When this branch of the Kemény family died out, the castle became in the ownership of the Bánffy family, whose last owner was András Bánffy  until he has lost the property on a card game around 1940.
A document indicates that this castle was built on the foundations of the Miklós Apafi’s mansion.
The other Kemény castle is currently functioning as a school. It is known as Kemény castle, but originally was the one floor castle of Maria Theresa. Legend says that a tunnel leads from the cellar of the castle until the Teleki Castle at paszmos and another tunnel goes to the eastern part of the chapel.

The hunting lodge of price János Kemény (today school)

Historical data says that the castle was built by the prince of Transylvania János Kemény in the XVII. century. The Kemény family owned for many years until it was nationalized. The prince used this castle as a hunting lodge.

The hunting lodge of price János Kemény from the back

The famous writer László Gagyi was teaching in Nagysajó. From here he was called by Sándor Makkai to Kolozsvár/Cluj to the Reformed College. Later he became member of the writers group Erdélyi Helikon from Marosvécs.
We still have data of the Bánffy family, a branch of Losonczi, whose families were born in Nagysajó between 1396-1486. This family branch of the XVII. century, became extinct. In the east of the village there is a hill, a so called 'Kerekdomb', a round-hill with a borderline. Here stood the castle in the XI-XII century. During the Turkish occupation, the Turks have been used the castle cellar also. It is said that the cellar was so large that carts could go in. In the Hungarian period, around 1940-1944, a saxon peasant plowed the chimney of the cellar. After this case the Hungarian public administration intended to explore the place, but due to the war the research failed to start.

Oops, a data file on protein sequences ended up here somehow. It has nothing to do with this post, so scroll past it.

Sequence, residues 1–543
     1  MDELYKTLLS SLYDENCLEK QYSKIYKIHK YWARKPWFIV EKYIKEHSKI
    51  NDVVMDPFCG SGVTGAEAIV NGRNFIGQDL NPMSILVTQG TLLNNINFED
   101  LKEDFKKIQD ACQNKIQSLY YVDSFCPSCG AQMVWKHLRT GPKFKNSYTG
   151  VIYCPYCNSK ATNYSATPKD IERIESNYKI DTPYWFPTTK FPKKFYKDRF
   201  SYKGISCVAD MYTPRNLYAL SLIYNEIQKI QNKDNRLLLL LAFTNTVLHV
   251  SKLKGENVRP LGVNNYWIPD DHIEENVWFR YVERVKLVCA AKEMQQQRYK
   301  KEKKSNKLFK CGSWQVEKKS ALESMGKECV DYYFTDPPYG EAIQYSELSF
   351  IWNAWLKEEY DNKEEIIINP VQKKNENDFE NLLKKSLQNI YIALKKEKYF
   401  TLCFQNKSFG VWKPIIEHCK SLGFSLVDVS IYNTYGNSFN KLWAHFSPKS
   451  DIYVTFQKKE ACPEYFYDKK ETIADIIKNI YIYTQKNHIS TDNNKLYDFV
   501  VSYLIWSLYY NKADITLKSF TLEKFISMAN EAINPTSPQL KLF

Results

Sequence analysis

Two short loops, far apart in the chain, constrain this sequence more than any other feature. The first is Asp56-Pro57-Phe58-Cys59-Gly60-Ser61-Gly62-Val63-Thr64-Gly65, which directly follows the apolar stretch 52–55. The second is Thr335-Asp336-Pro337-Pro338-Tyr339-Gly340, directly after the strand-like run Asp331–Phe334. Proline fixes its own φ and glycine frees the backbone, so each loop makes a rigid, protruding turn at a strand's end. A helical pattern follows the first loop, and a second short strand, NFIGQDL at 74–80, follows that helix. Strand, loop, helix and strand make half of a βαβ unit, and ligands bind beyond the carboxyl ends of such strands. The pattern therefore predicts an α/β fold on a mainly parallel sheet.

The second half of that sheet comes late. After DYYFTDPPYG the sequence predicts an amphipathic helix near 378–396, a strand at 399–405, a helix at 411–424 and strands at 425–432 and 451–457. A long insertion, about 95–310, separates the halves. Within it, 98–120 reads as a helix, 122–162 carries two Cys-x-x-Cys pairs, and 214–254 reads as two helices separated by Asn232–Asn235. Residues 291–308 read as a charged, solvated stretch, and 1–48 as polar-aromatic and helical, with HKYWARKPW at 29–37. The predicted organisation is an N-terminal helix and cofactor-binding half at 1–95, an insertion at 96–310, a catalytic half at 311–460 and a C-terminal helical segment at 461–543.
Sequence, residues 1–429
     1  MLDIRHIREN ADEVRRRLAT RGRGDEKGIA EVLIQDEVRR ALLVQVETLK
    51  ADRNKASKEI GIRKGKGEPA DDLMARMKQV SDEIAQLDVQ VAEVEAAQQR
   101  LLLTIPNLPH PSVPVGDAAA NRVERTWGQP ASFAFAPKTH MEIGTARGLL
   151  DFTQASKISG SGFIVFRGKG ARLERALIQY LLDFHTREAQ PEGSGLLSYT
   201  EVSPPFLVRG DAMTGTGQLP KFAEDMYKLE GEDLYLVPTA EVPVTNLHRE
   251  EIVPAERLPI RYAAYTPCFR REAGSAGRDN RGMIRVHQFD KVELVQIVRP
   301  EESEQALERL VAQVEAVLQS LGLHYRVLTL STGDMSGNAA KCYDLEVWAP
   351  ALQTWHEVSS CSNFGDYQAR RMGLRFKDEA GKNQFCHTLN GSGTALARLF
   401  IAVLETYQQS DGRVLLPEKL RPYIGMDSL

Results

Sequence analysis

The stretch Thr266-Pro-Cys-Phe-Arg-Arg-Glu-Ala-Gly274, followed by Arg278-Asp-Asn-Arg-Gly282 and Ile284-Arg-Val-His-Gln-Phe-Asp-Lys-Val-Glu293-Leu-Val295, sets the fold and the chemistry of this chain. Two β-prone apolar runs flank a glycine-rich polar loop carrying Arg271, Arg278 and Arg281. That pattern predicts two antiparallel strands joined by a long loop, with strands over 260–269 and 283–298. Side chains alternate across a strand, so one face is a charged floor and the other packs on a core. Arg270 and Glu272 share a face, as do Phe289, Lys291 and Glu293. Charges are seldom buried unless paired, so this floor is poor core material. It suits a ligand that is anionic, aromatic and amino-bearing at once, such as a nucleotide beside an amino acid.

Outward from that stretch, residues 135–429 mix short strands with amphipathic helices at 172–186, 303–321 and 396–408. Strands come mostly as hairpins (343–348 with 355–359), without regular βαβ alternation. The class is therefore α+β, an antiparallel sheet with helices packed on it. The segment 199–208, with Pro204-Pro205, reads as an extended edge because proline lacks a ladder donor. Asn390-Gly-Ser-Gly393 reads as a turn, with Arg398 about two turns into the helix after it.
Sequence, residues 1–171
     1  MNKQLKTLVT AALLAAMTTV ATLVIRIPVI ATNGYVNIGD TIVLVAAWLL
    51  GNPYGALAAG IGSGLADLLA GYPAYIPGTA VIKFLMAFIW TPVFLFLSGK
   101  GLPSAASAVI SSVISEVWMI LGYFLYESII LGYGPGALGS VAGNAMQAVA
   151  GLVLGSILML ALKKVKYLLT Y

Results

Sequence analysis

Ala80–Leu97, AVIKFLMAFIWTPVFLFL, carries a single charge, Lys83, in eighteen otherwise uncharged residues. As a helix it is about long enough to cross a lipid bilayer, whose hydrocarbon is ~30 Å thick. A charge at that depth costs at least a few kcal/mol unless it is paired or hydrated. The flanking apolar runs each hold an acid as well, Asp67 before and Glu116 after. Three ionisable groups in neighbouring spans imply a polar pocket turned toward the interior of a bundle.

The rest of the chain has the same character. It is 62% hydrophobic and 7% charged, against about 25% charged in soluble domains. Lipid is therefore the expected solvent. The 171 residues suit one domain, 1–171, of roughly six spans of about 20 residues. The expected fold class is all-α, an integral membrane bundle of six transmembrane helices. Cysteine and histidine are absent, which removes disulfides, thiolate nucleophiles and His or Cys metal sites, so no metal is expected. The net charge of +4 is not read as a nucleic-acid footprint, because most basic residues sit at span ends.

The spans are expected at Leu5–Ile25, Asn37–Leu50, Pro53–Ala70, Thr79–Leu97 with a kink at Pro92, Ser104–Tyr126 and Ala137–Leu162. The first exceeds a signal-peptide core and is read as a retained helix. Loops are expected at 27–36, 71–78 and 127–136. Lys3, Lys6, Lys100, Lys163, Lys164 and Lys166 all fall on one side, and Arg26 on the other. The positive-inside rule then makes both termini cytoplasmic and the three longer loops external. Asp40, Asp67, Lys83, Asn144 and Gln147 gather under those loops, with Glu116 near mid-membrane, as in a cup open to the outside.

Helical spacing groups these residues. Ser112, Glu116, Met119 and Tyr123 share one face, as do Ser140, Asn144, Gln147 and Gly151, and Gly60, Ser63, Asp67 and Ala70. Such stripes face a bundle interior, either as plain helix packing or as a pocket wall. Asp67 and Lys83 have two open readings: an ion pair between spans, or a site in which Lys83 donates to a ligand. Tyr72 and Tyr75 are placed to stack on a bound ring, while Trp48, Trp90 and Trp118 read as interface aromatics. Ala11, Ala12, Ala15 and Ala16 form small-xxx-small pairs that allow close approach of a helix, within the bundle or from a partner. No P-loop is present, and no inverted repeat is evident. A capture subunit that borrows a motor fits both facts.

Also in the east of the village there is a chapel hill, between the village and the 'Kerekdomb'. Here was a burial place and a chapel. Here were buried members of the Kemény family. A superior surface shape, on top of which once the chapel stood. The chapel has led to the passage tombs built in semi-circle shape. At the time of an invasion the chapel was burnt down, and since than the tombs can not be accessed, the entrance is concealed.

The burial place of the Kemény family

The danger has passed, the conceal remained, there is not anyone had been buried since the beginning of the 1800s. The last death of an aristocratic family, a certain named Igor, the burial had to take place in 1870, but all efforts failed. There was no other solution for the funeral than to lay Igor's coffin behind the chapel into the cone-like pile. It is said that in the 1930s the burial place was opened, and thus more people could see crypts constructed in a semi-circular shape. Samuel Kemény is certainly buried here. Prove this contention is that no one knows the burial place. According to sources, Samuel Kemény rests in eternal peace in a small village in Transylvania and his parents are buried here also.


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Nagysajó on the map